2. by   DaFreak71
    Quote from AtomicWoman
    I once had a jerk attorney come over to my workstation (when I worked for a law firm) and say, "Um, sweetie, you made a mistake" in an extremely condescending tone. I looked right at him and said, "My name is AtomicWoman." Then I stared him down. (I hadn't made a mistake, either, but that's another matter.) From then on, whenever Jerkenstein came needed something from me, he would say "sweetie" and then really sarcastically say, "Oh! I mean AtomicWoman!". He did this until I left the firm for unrelated reasons. He's lucky I didn't keep a brick at my workstation. :angryfire
    ROFL--Jerkenstein! I'm gonna use that one liberally.
  3. by   SoundofMusic
    What gets me are the gaggles of interns and residents who land in our nsg station every a.m. to do rounds. Doing rounds I understand, but so many of them seem to linger around, just standing there socializing amongst each other with their aromatic cups of Starbucks in hand, while I, the nurse, could only DREAM of being able to stand around socializing, much less a chance at a fresh cup of coffee during the busy morning. I sometimes just dream that perhaps ONE of them might offer ME cup, or go get one for me, as a reward for busting it all day for their patients.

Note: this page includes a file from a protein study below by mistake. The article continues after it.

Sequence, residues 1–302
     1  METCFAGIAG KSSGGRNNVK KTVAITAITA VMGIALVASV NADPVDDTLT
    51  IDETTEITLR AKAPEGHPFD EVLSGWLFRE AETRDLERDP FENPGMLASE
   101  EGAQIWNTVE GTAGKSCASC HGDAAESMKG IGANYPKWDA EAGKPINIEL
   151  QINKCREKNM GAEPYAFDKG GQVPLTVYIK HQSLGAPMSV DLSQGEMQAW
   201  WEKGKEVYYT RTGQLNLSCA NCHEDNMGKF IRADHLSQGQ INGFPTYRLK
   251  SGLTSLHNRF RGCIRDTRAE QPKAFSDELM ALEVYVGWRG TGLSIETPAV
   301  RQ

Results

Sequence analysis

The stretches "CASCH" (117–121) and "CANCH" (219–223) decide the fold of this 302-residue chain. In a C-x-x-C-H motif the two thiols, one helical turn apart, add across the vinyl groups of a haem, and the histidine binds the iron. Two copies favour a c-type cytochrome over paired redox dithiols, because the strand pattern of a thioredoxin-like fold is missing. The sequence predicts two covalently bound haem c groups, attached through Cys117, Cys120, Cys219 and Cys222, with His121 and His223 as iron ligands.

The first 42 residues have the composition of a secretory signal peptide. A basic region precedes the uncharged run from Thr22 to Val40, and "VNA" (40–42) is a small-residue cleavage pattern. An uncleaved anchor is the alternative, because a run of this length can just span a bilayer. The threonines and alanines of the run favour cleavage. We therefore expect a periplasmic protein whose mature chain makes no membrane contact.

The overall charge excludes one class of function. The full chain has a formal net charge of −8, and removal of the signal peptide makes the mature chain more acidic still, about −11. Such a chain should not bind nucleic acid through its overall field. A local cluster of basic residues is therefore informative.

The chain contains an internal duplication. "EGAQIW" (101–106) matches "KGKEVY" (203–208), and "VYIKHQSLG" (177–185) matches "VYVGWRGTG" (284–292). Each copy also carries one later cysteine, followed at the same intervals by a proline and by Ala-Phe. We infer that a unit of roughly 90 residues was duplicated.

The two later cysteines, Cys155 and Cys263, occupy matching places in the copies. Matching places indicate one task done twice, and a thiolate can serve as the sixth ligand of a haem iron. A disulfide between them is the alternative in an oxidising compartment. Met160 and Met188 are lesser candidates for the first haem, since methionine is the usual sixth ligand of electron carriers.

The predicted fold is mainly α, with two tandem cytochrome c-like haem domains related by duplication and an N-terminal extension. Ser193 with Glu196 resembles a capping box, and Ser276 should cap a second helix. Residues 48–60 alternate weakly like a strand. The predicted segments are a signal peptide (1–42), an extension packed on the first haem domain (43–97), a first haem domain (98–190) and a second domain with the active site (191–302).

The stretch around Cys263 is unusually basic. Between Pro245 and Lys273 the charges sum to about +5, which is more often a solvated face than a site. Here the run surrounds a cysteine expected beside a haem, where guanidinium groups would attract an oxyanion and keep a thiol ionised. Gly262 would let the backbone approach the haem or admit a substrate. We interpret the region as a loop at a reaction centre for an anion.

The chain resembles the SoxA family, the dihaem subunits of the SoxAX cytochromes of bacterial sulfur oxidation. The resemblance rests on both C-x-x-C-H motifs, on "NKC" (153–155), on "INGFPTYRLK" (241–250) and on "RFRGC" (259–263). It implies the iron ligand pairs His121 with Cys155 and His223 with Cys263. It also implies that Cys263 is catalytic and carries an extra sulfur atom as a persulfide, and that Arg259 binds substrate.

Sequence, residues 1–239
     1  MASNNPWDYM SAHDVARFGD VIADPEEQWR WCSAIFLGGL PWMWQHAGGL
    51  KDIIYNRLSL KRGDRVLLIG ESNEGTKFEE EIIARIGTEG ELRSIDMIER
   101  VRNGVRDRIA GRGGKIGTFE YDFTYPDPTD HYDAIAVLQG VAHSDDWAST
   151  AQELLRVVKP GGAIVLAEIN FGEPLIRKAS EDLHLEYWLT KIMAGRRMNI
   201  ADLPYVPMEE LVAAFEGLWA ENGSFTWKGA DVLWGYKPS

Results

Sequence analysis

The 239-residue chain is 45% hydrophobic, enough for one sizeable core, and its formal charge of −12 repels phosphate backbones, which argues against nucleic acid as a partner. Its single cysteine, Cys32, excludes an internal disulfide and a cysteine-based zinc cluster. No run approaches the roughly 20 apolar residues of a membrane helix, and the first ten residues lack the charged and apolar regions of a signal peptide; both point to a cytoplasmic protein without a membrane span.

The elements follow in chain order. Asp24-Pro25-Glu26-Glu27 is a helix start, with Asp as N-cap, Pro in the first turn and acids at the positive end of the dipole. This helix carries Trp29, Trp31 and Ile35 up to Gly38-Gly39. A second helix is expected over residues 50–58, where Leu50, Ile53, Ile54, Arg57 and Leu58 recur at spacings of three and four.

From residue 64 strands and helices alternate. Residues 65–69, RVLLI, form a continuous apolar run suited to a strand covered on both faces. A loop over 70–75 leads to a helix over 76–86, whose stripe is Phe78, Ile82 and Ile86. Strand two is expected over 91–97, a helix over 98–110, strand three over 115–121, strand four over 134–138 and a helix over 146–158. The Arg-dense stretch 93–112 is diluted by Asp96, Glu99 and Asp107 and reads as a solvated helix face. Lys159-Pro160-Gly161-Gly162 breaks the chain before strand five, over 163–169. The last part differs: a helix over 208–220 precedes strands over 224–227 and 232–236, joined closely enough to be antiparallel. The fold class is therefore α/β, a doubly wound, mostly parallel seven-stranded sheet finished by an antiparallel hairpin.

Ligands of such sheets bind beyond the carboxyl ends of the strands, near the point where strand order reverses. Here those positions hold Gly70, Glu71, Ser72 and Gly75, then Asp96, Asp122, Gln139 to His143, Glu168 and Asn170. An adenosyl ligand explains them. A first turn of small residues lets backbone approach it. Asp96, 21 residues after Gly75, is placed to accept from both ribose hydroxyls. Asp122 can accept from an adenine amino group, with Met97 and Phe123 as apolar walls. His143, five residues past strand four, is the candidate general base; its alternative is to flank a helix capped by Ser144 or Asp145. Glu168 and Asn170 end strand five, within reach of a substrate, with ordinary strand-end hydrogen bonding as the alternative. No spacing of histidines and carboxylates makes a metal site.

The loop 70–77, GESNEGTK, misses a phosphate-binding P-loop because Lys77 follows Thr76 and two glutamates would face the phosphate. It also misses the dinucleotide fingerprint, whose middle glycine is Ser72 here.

Do you EVER wonder when they are going to do this? To actually show some appreciation to nurses? It always seem to be the nursing directors who do this .. .how about the docs? Why don't doctors, as a group, devote a day or something to thanking nurses in some way for putting up with all we do?

    I also love the female residents who strut around in stilletoes and their white coats. Seems their job must not be TOO bad if they can wear high heels during rounds.